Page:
Testing seeks to aid athletes emotionally

Madeleine Salah, asst. sports

For the third year, the Illinois High School Association (IHSA) will continue their performance-enhancing-substance testing program, which randomly tests student-athletes for drug use.

Any student participating in IHSA-sponsored sports is subject to random drug testing. Unlike last year, when it was done in season, testing can now occur at any time of the year.

Under this program, IHSA is able to make sure students are not under the influence of drugs that have the potential to harm the health of student-athletes. According to a U.S. Department of Health study conducted in 2003, 3 percent of juniors and seniors were using anabolic steroids or had used them within that past year.

According to the IHSA, banned substances include stimulants, anabolic agents, diuretics, peptide hormones and any other substance related to these.

Athletic Director Steve Rockrohr believes this program is a positive step in helping guarantee safety among all student-athletes.

“I’m all for drug testing,” Rockrohr said. “I would like to think that none of our kids are taking steroids, but I’m not stupid, and someone certainly could be and I don’t think we should turn a blind eye to that. I’m for anything that helps kids stay healthy.”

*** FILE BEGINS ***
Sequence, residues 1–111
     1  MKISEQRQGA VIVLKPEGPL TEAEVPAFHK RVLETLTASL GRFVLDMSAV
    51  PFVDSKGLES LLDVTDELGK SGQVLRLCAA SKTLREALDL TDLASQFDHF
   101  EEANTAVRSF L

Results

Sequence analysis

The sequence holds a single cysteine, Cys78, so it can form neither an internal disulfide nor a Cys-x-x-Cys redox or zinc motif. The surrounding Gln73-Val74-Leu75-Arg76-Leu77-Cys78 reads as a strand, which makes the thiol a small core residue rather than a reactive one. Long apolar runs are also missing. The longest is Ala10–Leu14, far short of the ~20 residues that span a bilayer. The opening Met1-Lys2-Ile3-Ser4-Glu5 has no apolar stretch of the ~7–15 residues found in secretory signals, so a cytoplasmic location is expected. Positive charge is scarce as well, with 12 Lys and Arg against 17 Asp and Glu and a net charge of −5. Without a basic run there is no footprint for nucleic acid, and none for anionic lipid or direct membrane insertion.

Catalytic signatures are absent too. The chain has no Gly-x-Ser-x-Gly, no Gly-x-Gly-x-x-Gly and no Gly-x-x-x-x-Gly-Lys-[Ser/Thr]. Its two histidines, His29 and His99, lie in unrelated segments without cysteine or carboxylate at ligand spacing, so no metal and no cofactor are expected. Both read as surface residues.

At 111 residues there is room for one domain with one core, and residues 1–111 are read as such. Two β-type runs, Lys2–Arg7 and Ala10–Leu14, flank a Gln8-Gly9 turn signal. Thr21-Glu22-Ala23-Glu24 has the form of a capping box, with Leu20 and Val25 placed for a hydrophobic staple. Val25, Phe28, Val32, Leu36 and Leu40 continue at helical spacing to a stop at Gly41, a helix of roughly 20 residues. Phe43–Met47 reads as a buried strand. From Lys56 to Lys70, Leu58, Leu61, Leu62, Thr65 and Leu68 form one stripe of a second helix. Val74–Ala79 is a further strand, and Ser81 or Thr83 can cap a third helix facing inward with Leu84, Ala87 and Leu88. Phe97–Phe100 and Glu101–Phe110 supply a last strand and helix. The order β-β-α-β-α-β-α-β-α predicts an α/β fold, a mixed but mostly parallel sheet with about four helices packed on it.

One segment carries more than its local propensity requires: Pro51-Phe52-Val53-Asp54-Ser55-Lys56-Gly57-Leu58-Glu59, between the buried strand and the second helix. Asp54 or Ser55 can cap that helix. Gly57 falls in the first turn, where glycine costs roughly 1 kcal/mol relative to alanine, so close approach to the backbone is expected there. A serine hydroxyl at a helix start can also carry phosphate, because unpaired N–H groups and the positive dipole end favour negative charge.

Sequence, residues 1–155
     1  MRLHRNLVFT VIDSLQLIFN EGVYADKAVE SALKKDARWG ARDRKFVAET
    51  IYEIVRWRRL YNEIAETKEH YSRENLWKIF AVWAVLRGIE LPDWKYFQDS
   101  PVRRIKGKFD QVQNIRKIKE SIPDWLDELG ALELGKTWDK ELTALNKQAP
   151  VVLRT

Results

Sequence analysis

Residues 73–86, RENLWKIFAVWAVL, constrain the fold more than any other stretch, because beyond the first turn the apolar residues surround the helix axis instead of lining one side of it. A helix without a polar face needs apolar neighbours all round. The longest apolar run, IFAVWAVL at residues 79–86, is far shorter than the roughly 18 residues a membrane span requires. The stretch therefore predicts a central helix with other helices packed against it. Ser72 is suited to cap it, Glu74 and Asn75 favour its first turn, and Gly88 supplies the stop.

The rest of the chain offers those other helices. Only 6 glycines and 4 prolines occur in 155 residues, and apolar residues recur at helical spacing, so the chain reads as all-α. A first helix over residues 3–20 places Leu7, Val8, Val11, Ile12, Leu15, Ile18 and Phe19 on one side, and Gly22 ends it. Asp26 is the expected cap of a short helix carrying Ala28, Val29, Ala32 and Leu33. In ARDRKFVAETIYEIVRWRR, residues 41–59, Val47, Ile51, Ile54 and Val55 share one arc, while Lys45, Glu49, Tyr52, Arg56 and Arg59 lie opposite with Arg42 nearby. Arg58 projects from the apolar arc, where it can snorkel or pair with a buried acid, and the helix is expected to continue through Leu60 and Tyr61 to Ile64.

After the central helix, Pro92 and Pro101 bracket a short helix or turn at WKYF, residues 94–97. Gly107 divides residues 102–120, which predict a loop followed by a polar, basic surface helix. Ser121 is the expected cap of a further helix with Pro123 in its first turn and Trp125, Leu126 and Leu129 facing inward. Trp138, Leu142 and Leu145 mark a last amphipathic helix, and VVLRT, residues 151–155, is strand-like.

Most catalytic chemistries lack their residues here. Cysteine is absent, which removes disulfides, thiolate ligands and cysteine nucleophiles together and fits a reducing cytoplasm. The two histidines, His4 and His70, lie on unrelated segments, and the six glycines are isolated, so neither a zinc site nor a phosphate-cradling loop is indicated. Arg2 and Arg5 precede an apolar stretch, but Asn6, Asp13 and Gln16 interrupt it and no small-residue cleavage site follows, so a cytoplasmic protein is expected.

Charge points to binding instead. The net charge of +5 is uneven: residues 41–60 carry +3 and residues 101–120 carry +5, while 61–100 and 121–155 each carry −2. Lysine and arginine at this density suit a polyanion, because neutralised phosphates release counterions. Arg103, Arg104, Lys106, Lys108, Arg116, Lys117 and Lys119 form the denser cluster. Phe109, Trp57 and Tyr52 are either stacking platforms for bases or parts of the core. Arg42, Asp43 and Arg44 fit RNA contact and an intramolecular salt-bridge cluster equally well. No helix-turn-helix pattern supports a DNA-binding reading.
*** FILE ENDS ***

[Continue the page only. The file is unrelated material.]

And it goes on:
If a test does come up positive, that athlete is then subject to dismissal from the team they are currently on or will be playing for that year. Even though this program is connected to the school, an athlete will receive no further punishment from the school.

According to Rockrohr, in all the testing that has been done thus far, there have been very few positives, and all but two of these were cleared by a doctor because of medication that athlete was taking.

According to the IHSA Performance-Enhancing-Substance Testing Policy, “The value of high school interscholastic programs is found in the over-all physical, emotional and intellectual development of student athletes. In that pursuit, anabolic steroids and performance enhancing dietary substances offer no positive contribution.”

Rockrohr also believes that students should work to naturally increase their athletic ability.

“[Students should] stay away from drugs of all kind, whether you are trying to get bigger, stronger or faster,” Rockrohr said. “Do it naturally; it’s much more rewarding and far less dangerous.”